Notes from the mediascape:
Esquire gets flashy cover
With its September issue, the 75-year-old American monthly will become the first consumer magazine to use tiny batteries to literally stand out from the competition. Anybody know what ad category goes best with blinking lights?
Opining that ‘Magazines have basically looked the same for 150 years,’ and adding that he’s been ‘frustrated with the lack of forward movement in the magazine industry,’ Esquire editor-in-chief David Granger has announced that the cover of his September issue will have tiny embedded batteries to allow it to flash.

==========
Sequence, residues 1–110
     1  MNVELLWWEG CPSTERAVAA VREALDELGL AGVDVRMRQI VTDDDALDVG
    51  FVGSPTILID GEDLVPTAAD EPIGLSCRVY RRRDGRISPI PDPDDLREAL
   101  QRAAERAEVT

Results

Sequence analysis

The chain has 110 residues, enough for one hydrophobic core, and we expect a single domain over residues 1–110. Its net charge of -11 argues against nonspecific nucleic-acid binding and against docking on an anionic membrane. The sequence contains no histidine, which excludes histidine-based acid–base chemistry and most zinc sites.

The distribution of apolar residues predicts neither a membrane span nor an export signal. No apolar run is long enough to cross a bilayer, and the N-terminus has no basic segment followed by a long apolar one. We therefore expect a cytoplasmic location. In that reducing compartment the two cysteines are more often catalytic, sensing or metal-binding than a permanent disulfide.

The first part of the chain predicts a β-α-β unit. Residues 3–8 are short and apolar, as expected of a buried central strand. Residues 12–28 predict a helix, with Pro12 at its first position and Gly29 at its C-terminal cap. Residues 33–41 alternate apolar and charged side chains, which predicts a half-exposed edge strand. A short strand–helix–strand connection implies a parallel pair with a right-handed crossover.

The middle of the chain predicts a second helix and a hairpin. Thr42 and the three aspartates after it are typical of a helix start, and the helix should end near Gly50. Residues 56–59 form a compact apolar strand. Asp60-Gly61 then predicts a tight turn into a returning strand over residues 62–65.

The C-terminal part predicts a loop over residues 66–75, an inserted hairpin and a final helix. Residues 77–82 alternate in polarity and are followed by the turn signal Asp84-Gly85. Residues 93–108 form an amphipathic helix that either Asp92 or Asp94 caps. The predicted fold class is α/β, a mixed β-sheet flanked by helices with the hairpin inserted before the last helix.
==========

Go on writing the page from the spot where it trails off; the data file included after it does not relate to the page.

The gimmick will give the 75-year-old American magazine bragging rights for being the first to try it. Only 100,000 copies, or approximately one seventh, of the issue’s print run will have flashing covers but, as part of the arrangement that made the innovation possible, all copies will carry back-cover ads for Ford’s new mini-van sport utility vehicle the Flex.
The flashing-cover technology and execution was handled by Cambridge, Mass.-based E Ink, which is partly owned by Esquire‘s parent company, Hearst.